New Internationalist

Turning back the clock

August 2005

Women face myriad difficulties in post-Soviet Asia

Women’s position is worsening in the Central Asian republics, Afghanistan, Azerbaijan and the north Caucasus – in spite of these nations’ commitment to international conventions on women’s rights.

In each republic, conservatives have been at the forefront of the national revival that followed the collapse of the Soviet Union in 1991. They want a return to traditional values and consider the emancipation of women an undesirable Western preoccupation.

Polygamy is on the rise across the region. This is legal in Afghanistan but banned in many post-Soviet states. It is currently fashionable among wealthy men – with the poor social and economic status of many women pushing them towards the humiliating position of co-wife. This is especially true of post-conflict areas such as Tajikistan, where a five-year civil war left hundreds of thousands of women widowed. Post-Soviet legislation can be insensitive to the many property problems caused by multiple marriages with no legal provision to protect the rights of co-wives and their children.

Unmarried women face a different set of problems. Many are viewed as the property of their family and are discriminated against by older women. This in turn encourages forced and underage marriages. The custom of bride kidnapping still ruins the lives of both women and men in Kyrgyzstan and Kazakhstan.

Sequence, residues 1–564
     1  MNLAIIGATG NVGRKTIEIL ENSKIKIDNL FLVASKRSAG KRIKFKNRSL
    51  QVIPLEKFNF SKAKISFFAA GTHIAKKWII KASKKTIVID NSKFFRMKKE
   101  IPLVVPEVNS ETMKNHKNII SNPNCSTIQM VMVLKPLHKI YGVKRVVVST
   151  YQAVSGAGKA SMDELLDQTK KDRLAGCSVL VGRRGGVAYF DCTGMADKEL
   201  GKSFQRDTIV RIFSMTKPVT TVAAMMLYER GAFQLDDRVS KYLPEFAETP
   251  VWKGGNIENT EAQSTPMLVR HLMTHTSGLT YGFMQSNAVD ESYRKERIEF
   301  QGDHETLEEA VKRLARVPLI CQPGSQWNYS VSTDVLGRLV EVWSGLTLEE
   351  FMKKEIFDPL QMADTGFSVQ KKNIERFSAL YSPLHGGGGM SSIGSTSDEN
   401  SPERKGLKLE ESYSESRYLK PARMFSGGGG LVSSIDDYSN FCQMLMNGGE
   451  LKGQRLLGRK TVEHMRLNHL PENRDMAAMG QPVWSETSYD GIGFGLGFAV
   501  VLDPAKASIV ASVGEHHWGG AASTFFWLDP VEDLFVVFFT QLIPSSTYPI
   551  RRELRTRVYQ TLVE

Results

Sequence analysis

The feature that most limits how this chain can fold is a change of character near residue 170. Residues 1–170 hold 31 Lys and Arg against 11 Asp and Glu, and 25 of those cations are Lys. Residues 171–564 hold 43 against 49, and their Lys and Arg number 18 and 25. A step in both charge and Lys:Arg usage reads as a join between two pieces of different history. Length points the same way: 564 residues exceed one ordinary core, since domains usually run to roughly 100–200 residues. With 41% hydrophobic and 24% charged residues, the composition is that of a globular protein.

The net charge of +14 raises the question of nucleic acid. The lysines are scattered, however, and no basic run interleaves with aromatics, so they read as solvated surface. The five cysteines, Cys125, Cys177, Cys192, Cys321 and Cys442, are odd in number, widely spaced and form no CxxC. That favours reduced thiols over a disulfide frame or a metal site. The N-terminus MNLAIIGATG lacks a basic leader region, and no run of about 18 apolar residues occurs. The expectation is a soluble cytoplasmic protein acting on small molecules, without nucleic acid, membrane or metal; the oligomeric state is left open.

The most alarming development in recent years has been the rise in prostitution and trafficking of girls and young women – though the scale of the problem has been difficult to gauge given the lack of statistics and the poor co-operation between governments.

Domestic violence is another major issue in the region, and can be so severe that young wives in Afghanistan, Uzbekistan and Tajikistan see no way out other than suicide – often through the horrific method of self-immolation. The post-Soviet decline in health provision has also hit women hardest, with high levels of female morbidity and a high maternal mortality rate.

For all the rhetoric on gender equality spouted in each republic on International Women’s Day every 8 March, the pattern of excluding women from political and economic power continues. Some governments even provide financial support to NGOs working in the gender equality field – but only to consolidate their power by winning the female vote. In Tajikistan – the only former Soviet republic to allow an Islamic opposition – the authorities sought to secure the female vote in the November 2004 election by banning women from attending mosques so as to limit their access to Islamic political thought.

Anara Tabyshalieva of International War and Peace Reporting in Bishkek, Kyrgyzstan

This column was published in the August 2005 issue of New Internationalist. To read more, buy this issue or subscribe.

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This article was originally published in issue 381

New Internationalist Magazine issue 381
Issue 381

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